Wednesday, March 15, 2006

Not Compulsory

"Learning is not compulsory... neither is survival." W. Edwards Deming

This is a week all about education. As the British Parliament debates further changes to the education system, it is clear that the place of education is rising up the political agenda. I have no particular quarrel with treating students differently based on academic ability. I am sceptical about schools selecting on that basis- frankly the grammar school system I have seen in operation in Buckinghamshire is not an advert for good schools. I am more familiar with streaming or "setting" within comprehensive schools, and to my mind this both helps kids who might not get support from middle class parenting and it concentrates on brain power rather than social exclusivity. Class based schools are not a good thing for an open economy. Certainly in my own industry of finance, I see people of well below average intelligence managing to maintain managerial level jobs, despite being very unsuited to them, solely because they attended the "right" English public school. I may say that I do not think that these people are particularly satisfied with life.

Indeed it is the fact that the white collar parents have been so much more successful in getting their kids into education in France and Germany that has undermined the effectiveness of the education system in those countries. The Lisbon Council report on European education is damning, in France, Germany and Italy, class distinction is a major cause for concern:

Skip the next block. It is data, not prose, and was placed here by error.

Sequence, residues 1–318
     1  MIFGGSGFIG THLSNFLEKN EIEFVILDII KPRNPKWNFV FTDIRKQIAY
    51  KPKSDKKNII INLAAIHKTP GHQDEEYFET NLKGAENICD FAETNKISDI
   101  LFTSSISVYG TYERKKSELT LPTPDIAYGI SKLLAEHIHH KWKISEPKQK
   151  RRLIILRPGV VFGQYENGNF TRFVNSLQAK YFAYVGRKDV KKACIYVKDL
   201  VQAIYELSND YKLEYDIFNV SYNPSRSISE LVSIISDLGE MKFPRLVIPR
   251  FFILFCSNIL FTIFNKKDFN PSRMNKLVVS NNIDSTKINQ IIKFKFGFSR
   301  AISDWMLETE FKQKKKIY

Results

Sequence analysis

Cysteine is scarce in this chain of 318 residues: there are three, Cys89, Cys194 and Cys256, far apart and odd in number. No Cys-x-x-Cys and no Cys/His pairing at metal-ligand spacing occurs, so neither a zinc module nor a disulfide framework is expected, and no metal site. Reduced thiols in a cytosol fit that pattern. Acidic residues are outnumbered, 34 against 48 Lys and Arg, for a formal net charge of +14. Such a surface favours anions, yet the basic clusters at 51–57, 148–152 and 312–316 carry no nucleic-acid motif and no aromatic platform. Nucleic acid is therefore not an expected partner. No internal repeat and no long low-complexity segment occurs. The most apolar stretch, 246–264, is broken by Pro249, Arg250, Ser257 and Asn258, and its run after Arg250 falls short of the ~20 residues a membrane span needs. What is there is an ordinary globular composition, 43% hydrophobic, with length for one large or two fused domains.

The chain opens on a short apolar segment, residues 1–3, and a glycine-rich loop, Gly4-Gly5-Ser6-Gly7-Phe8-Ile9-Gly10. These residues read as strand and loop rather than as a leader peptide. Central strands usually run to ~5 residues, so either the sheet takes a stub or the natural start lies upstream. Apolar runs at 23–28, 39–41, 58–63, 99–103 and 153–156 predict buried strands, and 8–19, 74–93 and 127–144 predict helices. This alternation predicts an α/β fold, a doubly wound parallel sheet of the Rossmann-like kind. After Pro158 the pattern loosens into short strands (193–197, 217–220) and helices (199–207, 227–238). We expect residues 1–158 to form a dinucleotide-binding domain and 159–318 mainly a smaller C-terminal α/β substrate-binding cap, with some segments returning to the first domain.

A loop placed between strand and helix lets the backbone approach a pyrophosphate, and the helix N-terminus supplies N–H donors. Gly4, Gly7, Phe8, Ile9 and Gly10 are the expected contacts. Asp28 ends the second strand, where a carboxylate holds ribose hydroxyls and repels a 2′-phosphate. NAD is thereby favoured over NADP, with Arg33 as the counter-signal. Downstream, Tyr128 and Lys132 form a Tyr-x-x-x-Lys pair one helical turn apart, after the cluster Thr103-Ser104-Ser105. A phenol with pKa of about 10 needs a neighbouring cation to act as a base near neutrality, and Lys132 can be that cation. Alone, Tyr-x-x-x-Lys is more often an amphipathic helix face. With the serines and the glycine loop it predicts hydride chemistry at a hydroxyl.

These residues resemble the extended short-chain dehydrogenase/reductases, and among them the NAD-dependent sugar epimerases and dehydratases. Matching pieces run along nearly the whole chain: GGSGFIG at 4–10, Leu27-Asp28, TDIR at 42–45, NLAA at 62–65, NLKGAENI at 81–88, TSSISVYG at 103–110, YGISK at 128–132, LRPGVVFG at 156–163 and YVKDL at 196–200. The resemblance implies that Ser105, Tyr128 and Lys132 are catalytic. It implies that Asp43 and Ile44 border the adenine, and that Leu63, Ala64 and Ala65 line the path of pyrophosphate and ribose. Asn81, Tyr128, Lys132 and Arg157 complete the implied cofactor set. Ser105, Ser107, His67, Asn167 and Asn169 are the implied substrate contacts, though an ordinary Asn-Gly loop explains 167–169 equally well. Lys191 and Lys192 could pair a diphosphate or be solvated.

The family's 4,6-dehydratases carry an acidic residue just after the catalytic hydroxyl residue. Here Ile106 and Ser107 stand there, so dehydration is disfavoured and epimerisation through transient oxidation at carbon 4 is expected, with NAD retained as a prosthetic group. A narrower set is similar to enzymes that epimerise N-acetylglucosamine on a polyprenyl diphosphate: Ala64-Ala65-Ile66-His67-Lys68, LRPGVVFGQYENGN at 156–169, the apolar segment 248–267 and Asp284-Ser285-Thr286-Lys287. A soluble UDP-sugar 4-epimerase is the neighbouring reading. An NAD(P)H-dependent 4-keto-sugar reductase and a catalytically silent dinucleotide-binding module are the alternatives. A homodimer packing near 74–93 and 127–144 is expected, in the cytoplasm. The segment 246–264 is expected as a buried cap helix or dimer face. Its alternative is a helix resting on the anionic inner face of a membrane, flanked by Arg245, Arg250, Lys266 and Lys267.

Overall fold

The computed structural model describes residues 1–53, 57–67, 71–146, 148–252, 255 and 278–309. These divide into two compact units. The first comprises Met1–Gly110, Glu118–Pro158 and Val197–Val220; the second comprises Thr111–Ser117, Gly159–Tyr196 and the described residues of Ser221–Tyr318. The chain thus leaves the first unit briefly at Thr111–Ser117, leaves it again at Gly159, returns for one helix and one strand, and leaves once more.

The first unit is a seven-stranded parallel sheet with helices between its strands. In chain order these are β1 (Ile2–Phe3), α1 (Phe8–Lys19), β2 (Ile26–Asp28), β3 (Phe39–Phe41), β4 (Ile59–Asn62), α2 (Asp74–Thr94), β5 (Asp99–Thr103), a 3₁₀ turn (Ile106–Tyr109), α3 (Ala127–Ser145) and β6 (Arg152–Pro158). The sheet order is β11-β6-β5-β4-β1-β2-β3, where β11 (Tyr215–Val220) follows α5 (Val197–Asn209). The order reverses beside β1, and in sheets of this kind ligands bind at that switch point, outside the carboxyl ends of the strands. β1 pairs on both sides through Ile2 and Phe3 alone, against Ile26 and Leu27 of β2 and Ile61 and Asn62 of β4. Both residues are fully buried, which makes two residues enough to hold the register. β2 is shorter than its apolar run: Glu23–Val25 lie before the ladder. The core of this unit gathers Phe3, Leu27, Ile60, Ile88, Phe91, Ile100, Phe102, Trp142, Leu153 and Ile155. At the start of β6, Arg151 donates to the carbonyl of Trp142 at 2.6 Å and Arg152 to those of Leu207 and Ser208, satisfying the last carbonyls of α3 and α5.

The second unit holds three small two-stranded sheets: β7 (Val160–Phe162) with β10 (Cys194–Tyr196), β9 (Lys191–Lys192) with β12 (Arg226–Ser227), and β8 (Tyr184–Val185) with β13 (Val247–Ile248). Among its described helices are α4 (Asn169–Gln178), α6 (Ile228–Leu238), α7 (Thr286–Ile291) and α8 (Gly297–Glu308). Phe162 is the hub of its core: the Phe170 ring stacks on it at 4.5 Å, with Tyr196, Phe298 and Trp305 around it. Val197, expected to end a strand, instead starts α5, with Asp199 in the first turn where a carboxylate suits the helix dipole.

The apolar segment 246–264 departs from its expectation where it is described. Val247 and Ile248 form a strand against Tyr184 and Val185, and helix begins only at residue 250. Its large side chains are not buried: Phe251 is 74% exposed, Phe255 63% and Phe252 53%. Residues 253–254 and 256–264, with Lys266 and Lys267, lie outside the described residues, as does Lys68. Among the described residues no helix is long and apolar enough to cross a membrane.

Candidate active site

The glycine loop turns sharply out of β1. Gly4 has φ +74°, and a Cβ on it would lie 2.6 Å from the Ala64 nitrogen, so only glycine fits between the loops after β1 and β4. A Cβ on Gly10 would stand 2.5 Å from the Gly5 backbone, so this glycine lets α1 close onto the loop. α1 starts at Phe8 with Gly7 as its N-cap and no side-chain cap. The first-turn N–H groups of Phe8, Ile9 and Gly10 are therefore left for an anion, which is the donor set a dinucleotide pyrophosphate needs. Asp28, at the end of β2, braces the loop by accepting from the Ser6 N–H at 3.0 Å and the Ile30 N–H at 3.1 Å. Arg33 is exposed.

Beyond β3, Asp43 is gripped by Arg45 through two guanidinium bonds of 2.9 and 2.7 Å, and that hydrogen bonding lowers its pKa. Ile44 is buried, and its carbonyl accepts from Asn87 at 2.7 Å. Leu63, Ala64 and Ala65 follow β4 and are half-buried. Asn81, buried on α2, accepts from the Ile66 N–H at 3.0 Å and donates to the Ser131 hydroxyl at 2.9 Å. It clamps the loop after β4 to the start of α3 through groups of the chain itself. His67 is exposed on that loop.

"Europeans from difficult socio-economic backgrounds don't receive the same educational opportunities as children from rich and middle-class families," the Council said. "In many countries, the data suggest that European schools reinforce existing socio-economic inequities."

The conclusion is that unless education is provided to kids, regardless of social-economic background, then economies can start to fall behind in terms of international competitiveness- indeed the Lisbon Council already thinks that this is happening to the European Union as a whole. They point out that Korea is already much better educated than the European average, while both India and China are producing science and technical graduates in the millions. Although France, Germany and Italy are particularly criticised, the fact is that the UK has not much to be happy about either. British technical education at high school level is neither rigorous nor particularly broad. There remain serious flaws in the teaching of maths and science subjects, and even the liberal arts are taught without, for example, a detailed knowledge of English grammar. As for language skills, the United Kingdom has almost abandoned effective teaching of modern languages even at high school level.

Unless the European Union can drastically improve access to education, the consequences could be critical. As Asia advances up the value added curve, Europe will possess increasingly dated brands with less innovation behind them. The restrictive labour laws and expensive labour rates in Europe will make inward investment ever less attractive as Asia provides more and better workers. Asia will provide ever greater markets, while the European demographic decline will increase costs and reduce opportunities. Meanwhile the European uneducated underclass will grow ever more fractious as they are completely excluded from economic prosperity. In the global economy, Europe could be reduced to Latin American levels of relevance as the power houses of South and East Asia come to challenge the economic power of even the United States.

Yet it is not just an economic or social benefit that we receive from education after all, there is a moral purpose to education too:

"There are more men ennobled by study than by nature". Marcus Tullius Cicero

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